Strength of Schedule: Dead Horse Beaten Edition

ziplock007's picture
August 16, 2014 at 2:00a

Schedules Matter.

The FBS division: 125 teams, 12 regular season games.

Harder Schedules are Harder:

For example, last year both LSU & Ball State finished 10-3.  Which team is better?  
Football seasons are brutal.  Tough schedules have a higher accumulation of collisions bringing about injuries and fatigue.  
Last year Georgia opened with Clemson on the road, lost a nail-biter by 3 and dropped from 5 to 12 in the polls.  Oregon clobbered FCS Nichols State and leapt from 3rd to 2nd in the polls.  Nichols State went 1-10 in 2012 against FCS competition; this was the test that boosted Oregon's poll standings.
Am I wrong, but wasn't Georgia's performance more impressive?
Georgia's idiotically scheduled Clemson, South Carolina (win), and LSU (win) in the first five weeks.  The aggregate of violence led to a slew of injuries and a disappointing season.

Easier Schedules Are Easier:

Source - Phil Steele:
Phil Steele made some interesting points regarding how easy a schedule is and how well a team does.  While it's common sense, it's interesting to note that champions get there the easy way.  Someone needs to tell Georgia.
Alabama has the EASIEST of all SEC schedules. And, "The only time Alabama missed out on a BCS appearance in the past four seasons was also the same year its schedule was the most difficult"

And, championship bound FSU had their, "2013 schedule at No. 64 coming into last season. That was No. 13 in the ACC and on par with UConn at No. 63 and Temple at No. 65."
Speaking of ACC, remember when Duke was an FSU victory away from a Division Title? "Which ACC team had the easiest schedule coming into 2013? Well, that was Duke, which ended up going 10-4, the most wins in the history of the program."

Easier Schedules Have always been Better:

1915 A.D.
Back in the days of Woodrow Wilson, a European War (America hadn't joined WWI yet), and no Breaking Bad, the deep south had the SIAA Conference (Southern Intercollegiate Athletic Association).
Vanderbilt finished the season 7-1, whilst Georgia Tech finished 7-0-1.  They didn't play head to head; but GaTech clearly had the tougher schedule compared Vandy's wins over the likes of Henderson State, Sewanee, Cuberland, and Southwestern.  Because of no head-to-head contest, Newspapers voted Vanderbilt conference champions.  Why?  They had a higher point differential.

Easier Schedules are more rewarding... Even for OSU

Nearly 100 years later, I still don't understand the notion of tough football schedules.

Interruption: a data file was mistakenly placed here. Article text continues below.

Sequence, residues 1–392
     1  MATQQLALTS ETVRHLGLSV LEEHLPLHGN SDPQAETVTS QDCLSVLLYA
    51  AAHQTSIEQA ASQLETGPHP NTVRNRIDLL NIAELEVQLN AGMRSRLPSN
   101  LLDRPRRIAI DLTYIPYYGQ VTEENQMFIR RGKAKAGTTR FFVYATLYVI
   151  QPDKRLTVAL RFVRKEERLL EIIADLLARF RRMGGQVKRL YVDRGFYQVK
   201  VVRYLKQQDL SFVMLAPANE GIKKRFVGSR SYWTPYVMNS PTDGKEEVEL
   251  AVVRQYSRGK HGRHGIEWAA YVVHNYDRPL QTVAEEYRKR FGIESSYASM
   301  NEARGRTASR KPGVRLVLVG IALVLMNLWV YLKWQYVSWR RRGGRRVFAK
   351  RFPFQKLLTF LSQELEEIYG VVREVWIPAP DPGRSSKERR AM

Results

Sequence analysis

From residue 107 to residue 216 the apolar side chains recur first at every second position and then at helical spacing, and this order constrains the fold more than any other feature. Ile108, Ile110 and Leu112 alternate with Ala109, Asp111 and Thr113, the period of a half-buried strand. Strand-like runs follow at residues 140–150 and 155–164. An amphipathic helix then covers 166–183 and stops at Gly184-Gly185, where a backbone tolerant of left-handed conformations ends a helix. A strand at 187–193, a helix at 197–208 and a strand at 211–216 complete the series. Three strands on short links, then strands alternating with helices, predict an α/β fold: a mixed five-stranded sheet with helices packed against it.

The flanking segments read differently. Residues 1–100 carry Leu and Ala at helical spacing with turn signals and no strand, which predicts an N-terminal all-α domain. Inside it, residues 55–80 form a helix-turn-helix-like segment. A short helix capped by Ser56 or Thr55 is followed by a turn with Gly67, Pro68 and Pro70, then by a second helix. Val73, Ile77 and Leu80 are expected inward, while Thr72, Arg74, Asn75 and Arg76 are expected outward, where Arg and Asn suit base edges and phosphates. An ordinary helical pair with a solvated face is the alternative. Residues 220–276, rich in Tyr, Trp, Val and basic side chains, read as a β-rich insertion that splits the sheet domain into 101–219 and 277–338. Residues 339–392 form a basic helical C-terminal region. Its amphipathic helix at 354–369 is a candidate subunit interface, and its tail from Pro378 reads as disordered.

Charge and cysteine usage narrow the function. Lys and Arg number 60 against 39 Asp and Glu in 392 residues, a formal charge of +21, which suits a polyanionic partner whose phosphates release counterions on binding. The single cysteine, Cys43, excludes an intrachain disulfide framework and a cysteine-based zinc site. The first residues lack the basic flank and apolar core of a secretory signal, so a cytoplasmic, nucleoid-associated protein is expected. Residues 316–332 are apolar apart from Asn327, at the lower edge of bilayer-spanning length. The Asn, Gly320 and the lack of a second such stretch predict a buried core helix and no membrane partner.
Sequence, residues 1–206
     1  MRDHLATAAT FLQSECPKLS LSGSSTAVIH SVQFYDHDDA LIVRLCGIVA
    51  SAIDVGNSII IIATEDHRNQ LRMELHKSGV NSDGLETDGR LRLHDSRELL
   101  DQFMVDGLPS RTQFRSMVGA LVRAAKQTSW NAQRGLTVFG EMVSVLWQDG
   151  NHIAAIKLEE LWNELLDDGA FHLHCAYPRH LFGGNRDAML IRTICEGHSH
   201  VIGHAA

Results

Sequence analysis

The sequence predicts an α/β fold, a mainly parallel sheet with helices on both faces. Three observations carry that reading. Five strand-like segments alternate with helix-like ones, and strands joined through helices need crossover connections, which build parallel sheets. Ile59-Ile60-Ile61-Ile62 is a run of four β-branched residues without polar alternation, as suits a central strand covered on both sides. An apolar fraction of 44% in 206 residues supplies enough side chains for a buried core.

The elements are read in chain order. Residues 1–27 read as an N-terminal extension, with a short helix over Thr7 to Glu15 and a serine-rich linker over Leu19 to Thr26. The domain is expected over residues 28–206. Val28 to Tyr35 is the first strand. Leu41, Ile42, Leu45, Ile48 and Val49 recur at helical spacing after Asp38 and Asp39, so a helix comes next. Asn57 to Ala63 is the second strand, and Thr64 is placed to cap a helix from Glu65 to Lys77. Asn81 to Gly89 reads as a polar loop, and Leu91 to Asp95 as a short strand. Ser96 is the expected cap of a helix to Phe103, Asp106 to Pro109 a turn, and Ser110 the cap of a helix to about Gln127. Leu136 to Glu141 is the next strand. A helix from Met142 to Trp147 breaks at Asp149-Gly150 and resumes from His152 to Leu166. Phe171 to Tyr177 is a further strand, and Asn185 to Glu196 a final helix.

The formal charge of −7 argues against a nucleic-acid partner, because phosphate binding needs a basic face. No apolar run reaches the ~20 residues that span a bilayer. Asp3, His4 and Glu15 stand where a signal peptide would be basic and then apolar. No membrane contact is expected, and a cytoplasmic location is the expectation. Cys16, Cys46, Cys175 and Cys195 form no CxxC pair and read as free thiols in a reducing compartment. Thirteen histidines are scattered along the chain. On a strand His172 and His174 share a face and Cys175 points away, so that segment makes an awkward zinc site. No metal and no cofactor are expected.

Back in 2005, I remember, before the season, wondering "Why did OSU and Texas schedule each other?"  Defeating Texas would put them on the road to a national title, but so would a lackluster 17-6 win over Idaho.
OSU lost to Texas by 3 points and fell out of title contention. 2005 is possibly Tressel's greatest ever had; but, they lost a nailbiter.  Still riding on the low, they lost another battle two weeks later at PSU.  Had OSU scheduled, say, Idaho they may have played for the national title.

2007: Two years later a Boeckman led OSU was without Ginn, Troy Smith, Gonzalez, Pittman.  It was one of Tressel's weakest teams, but somehow a toiletesque non-conference slate (Youngstown state, Akron, a 4-9 Washington, and Kent State) and 7-1 in a weak B1G yielded a National Title Shot.

Voters Still Don't Get It:

Oh Wisconsin: Last September an eventual 10 win Pac-12 squad bested them on the road at night (three time zones away) via officiating incompetence.
Pac-12 Manned Up: The officiating was so errant, the Pac-12 actually admitted fault.  A rare occurance in major sports.
Aftermath: Arizona State, previously unranked, sprang to 23rd in Coaches & AP Poll.  Wisconsin trekked into the desert 18th & 20th in the Coaches and AP poll, but frustratingly dropped to 24th in the Coaches poll and Unranked in the AP poll.  
Unranked due to a close loss, on the road game, at night, where Pac-12 officiating admitted incompetence.

Yeah, there's rumblings the playoff committee will entertain a revolutionary notion of factoring SoS.  But, voters haven't figured it out since WWI, 2014 is no different.

Big 10 Strength of Schedules

From Phil Steele:

1  (19) - Rutgers
2  (23) - Minnesota
3  (26) - Indiana
4  (36) - Ohio State
5  (38) - Illinois
6  (39) - Maryland
7  (43) - Purdue
8  (45) - NorthWestern
9  (50) - Michigan State
10 (51) - Nebraska
11 (53) - Michigan
12 (54) - Penn State
13 (70) - Iowa
14 (72) - Wisconsin

Seriously, look at Iowa's schedule.  You'll laugh because laughter will prevent you from crying. Save the tears for Wisconsin if they beat LSU in the opener; they'll be on easy street to the B1G Title Game.

Duke has a SoS ranked #79 out of 128: The lowest of all the Power 5.  The 2nd & 3rd lowest?  Yep, Iowa and Wisconsin.

Every coach talks the talk about challenging non-conference opponents and tough divisional cross overs... but, Bama (whose permanent divisional cross over is Unranked Tennesee) and FSU know better.

It would be a ratings bonanza if OSU tested their prowess against Bama and Oklahoma every September... but until voters wise up, why not schedule 4 games against Idaho?  You won't be intrigued, but you won't care come playoff time.

Fun Trivia Fact:
The highest non Power 5 SoS is SMU @ #41.  If they get 6 or 7 wins, they're basically a middle of the pack B1G team.

ps--Can someone explain to me why OSU closes out both 2015 & 2016 with MSU, Michigan, and then a potential B1G Title Game... Wisconsin is lovin' it.

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